I had just flown 700 miles. I wasn't going to settle for o.k. "I want a really good burrito."

"You need to go to The Mission. A place called Bocha Villa." He grabbed a map and showed me the way. A good 15 block walk. Kinda cheesy to get in a cab for that. I set off on foot.

The afternoon sky was hazy and bright. The temperature in the low 70's. A trifle warm for a good hike in a turtleneck and loafers but not bad at all. I read a statistic recently that said SF was the most densely populated city in the U.S. after NYC. That probably explains the sprinkling of small, friendly produce shops throughout the neighborhoods. I don't know why, but it lifted my spirits to think of people walking down the street to pick up a bag of peaches or a handful of apricots and snacking on one as they made their way home.

My journey took me past the old San Francisco Mint which never fails to puzzle me. It's surrounded by a fence and rests on a rocky rise, separate from everything. I always wonder what's going on in there but never feel that I have the time to get the answer.

It has been a fine amble but I am now famished, tired, and unable to find any "Bocha Villa" at the address given. I poke my head into a little corner store and ask the Vietnamese man behind the counter. "Two doors down."

The first door leads into a darkened bar. The second into a large, well lit cafeteria-like space with a long line of customers inside waiting to order. Dang. That guy must have meant "Pancho Villa". Slightly annoyed, I took my place in line. Ten minutes later I was seated at the crummy table next to the door where the line runs by. But I had my big prawn burrito, a large watermelon juice (yeah!), and a copy of the Bay Guardian opened to an expose on the latest Mayor Willie Brown scandal.

A couple of bites of the celantro spiced creation, a few good swallows of my fruit nectar, and 3 paragraphs into the article, I was one happy camper. At no time during my hour lunch was the line fewer than 10 people long. Behold the power of the Very Good Burrito. Maybe the best I've ever had.

The journey back to the hotel was somehow shorter and more pleasant.

Freedom. From work demands. Duties. Obligations. Worries. Everyone else's schedule.

Freedom to sleep when one was tired. Like right now. And as I drifted off to sleep I thought, "It is very good to be here in San Francisco".

  

p.s. Part 2 within a week. Real pictures too. I don't make idle threats.

p.p.s. The benefits of irregularity: "This is the only email notification I have requested in years. I'll admit this is in part due to your infrequent updates." Everyone has a reason, although no reasons are necessary: new days notification.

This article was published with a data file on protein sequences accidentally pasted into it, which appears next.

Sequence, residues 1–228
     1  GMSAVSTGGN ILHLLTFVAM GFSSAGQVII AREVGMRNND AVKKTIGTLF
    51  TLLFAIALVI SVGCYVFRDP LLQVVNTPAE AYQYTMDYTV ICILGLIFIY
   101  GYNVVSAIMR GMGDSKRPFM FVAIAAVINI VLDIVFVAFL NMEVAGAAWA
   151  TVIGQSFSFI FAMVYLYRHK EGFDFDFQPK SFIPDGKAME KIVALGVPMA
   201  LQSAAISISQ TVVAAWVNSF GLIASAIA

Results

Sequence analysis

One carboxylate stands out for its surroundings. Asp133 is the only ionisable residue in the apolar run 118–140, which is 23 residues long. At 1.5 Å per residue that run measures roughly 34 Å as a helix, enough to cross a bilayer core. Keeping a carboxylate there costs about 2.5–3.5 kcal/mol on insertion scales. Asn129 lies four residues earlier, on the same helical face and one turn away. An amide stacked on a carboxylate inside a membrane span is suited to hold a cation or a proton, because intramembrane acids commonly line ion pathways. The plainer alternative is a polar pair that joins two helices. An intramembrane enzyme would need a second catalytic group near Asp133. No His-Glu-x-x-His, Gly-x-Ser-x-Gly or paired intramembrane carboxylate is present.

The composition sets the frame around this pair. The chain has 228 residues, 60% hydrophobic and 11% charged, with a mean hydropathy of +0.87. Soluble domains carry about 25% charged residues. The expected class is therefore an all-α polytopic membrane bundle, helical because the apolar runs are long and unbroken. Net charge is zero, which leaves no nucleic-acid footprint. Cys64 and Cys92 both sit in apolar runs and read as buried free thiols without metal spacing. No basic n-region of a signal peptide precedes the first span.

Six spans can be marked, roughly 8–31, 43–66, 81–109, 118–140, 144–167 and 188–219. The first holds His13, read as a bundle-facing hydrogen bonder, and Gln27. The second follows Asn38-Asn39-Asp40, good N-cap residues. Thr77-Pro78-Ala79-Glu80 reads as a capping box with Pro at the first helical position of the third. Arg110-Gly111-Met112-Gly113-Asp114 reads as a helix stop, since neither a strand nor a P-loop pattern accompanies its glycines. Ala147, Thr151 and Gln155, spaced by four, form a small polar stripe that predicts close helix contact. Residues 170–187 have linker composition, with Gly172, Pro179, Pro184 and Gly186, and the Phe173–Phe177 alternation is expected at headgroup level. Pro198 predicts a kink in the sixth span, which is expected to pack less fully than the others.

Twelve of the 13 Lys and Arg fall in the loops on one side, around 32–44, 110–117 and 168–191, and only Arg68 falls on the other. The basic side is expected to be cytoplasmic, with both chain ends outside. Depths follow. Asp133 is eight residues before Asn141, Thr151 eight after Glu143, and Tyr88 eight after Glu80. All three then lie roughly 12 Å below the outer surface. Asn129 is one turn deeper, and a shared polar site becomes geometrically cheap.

p.p.p.s. Merci beaucoup to matchstick.net and Lives On-Line for the bodacious links!

about

 

every

 

once

 

in

 

a

 

 

while

       
 

last

next

 
previously on days of naze :

threading the needle
hating life
what i learned on the web
the play's the thing
saving star wars - episode I
vegas, baby!
turned away at the church of elvis
dear mark
a night on the town
a lesson in humility
the longest mile
he plays one on t.v.
shat upon
coda
geek of the weak
pre-game stupid
my affair with a greek woman 
brain baker
occupational hazard
i blame them
brilliant mistake
pleasure victim 
the stupid rules 
driven to distraction 
my corner of the planet 
spawn apologist 
broken 
clench 
interview with a madman 
an introduction 
 launch

what have you done for me lately? hustling up new material, the hard way.

May you never be more active than  
when you are doing nothing.  

-Cato

 

 

They may forget what you said, but they will never forget how you made them feel.

-Carl W. Buehner

in the feedbag:

film: Iron Giant (A) - about the 10th very good film of 1999; Stigmata (B-) - an interesting story idea not quite pulled off, but it did make me want to read the Gospels of Thomas; Amadeus (A) - again, delightful.

favorite spontaneous phrases of the week: "uninitialized variable", "we'll use an existing connectoid as a template for a new one"

CD: Sorrel Quartet - Shostakovich / Complete String Quartets Volume 1 (because Rob said so and because he is right again).

book: The Autobiography of Henry VIII with Notes by His Fool, Will Somers - A Novel by Margaret George, Will Sommers - another good recommend from Cathy; Harry Potter & The Secret Chamber by J.K. Rowling - I feel like I'm part of another fab children's trend wave (first Pokemon, now this), but I must tell you, these stories are quite good and worthy of reading to yourself if not to a 6 year old.

     

   stupid    strung out   naze   brush   soul food 

     

e-mail   lashes with a wet noodle

 

open pages

< previous   random about   next >

Chapter Two

[ previous  list  random  next ]